With the rest of the party - Rupert, Liddy, Durrans, the Sheikh, the Prof and the Jock - all arriving in time for lunchtime refreshments on the benches outside the clubhouse, attention turned to the format for the afternoon. And with nobody coming up with a better idea, as usual we settled on two matches between Youth and Experience.


Blue skies over the Silloth Convalescent Home

Over beer and sandwiches our two crown green bowlers - Wilcox and Shires R - took the opportunity to compare notes. When Rupert confirmed that he'd recently bought a second hand set of woods, the former Kirkheaton Strangler said that


Lunch by the putting green

he'd actually been given his by a patient who'd had to give up the game. "Yes", came the chorus: "Because you'd nobbled him!"

Meanwhile, when informed that Wilcox had also taken up croquet, Dyson was heard to reply: "Croquet? That's knitting isn't it?"

Several of the older, infirm or just plain lazy members of the party decided to sit out the afternoon round, leaving two fourballs out on the links, and overall youth triumphed. Charles Webb and Dyson gave Mike Webb and Liddy a bit of a thrashing, while Shires J and Wilcox came back from two down with two to play to halve with Durrans and Shires R.

It might have actually been a win for the oldies had Wilcox - after booming his drive miles down the 5th fairway - not played the wrong ball (actually Shires's provisional) some 60 yards back in the semi. And that despite being asked repeatedly "are you sure that's your ball."

"I'm sorry, I didn't have my hearing aids in," was his excuse. Such are the perils of old age.

Incidentally, regular readers will recognise that Mark is often the butt of many a joke on this website, but they can be assured that really it's a mark of affection. And as he'd said himself at dinner the previous 

night: "When you think about it, I do seem to have committed quite a few faux pas over the years."

Results (Youth first): C.Webb & Dyson bt M. Webb & Liddiment 5&3; Durrans & R. Shires halved with J. Shires & Wilcox. Youth bt Experience 1½ - ½

Because the afternoon round took so long - largely because we were held up repeatedly by a party of Scotsmen who appeared to be blissfully unaware of the R&A's Pace of Play manual - there was barely time for a couple of drinks in the bar and a shower at the hotel before we were back at the golf club for dinner.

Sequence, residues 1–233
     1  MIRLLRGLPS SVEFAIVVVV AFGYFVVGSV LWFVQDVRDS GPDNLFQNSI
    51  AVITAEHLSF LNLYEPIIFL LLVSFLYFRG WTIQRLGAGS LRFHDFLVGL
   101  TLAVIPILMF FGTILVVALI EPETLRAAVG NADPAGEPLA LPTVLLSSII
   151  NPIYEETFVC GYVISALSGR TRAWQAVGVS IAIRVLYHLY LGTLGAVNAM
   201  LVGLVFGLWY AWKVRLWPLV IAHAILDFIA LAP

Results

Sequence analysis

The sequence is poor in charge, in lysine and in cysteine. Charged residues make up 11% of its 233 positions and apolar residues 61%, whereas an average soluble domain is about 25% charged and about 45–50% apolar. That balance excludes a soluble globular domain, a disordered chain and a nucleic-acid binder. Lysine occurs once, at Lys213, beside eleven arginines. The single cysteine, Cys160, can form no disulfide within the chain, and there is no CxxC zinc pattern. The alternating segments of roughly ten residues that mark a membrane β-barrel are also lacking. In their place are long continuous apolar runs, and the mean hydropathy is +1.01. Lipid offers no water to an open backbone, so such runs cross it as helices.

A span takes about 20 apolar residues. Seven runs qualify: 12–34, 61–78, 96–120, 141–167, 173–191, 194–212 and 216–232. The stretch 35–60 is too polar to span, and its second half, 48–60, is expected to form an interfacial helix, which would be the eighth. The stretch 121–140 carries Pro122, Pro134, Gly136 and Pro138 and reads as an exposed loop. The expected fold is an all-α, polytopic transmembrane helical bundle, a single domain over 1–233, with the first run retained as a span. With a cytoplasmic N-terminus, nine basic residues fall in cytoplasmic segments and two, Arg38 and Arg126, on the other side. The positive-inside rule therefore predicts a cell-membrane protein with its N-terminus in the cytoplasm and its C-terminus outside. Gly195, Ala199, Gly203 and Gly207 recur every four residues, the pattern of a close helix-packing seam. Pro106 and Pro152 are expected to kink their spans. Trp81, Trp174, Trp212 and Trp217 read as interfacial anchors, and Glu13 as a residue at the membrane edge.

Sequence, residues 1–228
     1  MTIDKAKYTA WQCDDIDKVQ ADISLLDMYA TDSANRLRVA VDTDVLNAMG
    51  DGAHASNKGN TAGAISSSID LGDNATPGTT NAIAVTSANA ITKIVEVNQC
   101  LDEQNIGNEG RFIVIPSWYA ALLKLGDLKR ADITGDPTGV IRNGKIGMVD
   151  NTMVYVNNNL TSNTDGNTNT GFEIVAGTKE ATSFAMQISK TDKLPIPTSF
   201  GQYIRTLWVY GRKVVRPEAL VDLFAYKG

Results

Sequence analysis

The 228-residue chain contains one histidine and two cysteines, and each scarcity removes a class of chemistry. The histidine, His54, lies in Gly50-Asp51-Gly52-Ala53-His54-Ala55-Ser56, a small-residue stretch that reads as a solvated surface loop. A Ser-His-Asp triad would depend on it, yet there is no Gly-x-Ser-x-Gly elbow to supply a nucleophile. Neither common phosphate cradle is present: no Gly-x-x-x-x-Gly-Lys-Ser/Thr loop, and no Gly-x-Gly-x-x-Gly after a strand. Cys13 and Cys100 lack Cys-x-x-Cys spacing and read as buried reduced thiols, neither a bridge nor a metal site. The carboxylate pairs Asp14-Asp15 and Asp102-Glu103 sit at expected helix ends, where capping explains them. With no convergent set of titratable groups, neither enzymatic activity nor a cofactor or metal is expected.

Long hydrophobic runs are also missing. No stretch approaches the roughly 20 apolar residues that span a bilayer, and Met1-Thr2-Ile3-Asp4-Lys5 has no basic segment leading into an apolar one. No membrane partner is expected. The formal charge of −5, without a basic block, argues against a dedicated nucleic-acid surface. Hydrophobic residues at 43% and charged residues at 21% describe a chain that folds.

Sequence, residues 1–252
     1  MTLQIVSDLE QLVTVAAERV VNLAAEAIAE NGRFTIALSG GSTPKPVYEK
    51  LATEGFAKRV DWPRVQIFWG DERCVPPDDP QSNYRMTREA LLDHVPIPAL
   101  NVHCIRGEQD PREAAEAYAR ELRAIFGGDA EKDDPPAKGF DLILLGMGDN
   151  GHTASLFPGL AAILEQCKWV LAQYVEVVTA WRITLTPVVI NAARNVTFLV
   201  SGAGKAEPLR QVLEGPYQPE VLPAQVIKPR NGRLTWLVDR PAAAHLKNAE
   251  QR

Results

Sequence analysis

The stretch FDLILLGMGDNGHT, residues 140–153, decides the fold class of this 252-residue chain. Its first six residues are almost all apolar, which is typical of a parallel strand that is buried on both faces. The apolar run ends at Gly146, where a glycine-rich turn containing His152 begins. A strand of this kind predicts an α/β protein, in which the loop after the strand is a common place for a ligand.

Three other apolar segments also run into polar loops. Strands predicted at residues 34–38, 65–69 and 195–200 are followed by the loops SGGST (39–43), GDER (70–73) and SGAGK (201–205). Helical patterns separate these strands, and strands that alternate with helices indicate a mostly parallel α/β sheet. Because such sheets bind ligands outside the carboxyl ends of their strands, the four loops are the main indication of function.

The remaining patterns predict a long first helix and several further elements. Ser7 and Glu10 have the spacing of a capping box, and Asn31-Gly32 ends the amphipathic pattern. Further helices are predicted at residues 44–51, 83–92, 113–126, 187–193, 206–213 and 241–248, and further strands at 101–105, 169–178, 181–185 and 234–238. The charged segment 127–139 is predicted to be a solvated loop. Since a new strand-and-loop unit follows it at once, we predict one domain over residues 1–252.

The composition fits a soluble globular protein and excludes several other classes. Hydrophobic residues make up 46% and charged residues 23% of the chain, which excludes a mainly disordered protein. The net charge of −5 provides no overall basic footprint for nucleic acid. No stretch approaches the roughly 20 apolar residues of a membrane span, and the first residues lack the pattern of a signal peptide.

And what a good dinner it was. A few weeks before the event Sambo had spoken with the caterer, who produced a special menu, which included French onion soup and an apple sorbet before a main course choice of seabass or Tournedos Rossini.

Both were superbly cooked, and although one or two weren't over enamoured with the sorbet, it was comfortably one of the best meals in recent years.

Inevitably though, there was still plenty of debate over the choice of wine; while the majority will sup anything, a number of the party appear to fancy themselves as connoisseurs, which led to the presence of at least four different bottles on the table.

Talking of drink, Mike Webb thinks he's invented a new tipple: Gin and Gunners. As everyone knows, a Gunners is a non-alcoholic drink made with ginger beer, lime and Angostura bitters, perfect for quenching your thirst post-golf on a hot summer's day. It is NOT - as a horrified Judge pointed out - supposed to be laced with gin. (Sounds a bloody sight better to me - Ed)

Later, when the Champions Draw was made, Webb had less reason for self satisfaction; he drew Wilcox, who wasn't even eligible, since he was only going to play 18 holes.


Dinner at the Golf Club

Although the Goldthorpe Salver is undoubtedly a bastion of tradition, never let it be said that members are not open to new ideas, viz. the Medication Sweep, which involved guessing the total number of pills taken daily by the 15 men present this year. Given the ever increasing number of conditions from which we are now suffering, and the fact that your Webmeister had already admitted to consuming nine on his own, Wilcox's estimate of 18 was considered to be an unlikely winner. 

"He ought to be taking that many himself for dementia," said Charles.


Thursday morning

Thursday, September 7, 2023 - The Goldthorpe Salver

The skies might not have been quite so blue over the Convalescent Home, and there was certainly a stronger southerly breeze than earlier in the week, but conditions should still have been ideal to take the course to the cleaners. 

However in the event only three men bettered their handicaps in the morning round. Sheikh Dyson led the way with 39 points from the Judge and Chris Durrans, both on 37.

It was an especially good performance from the scion of the Barnsley blacking empire, considering that he'd had to put up with an awful lot of whingeing from Shires J, who'd been up for quite a bit of the night with violent diarrhoear and had taken the precaution of adding a lavatory roll to his bag (none of which made the slightest difference to his golf, which would have been crap anyway - Ed.)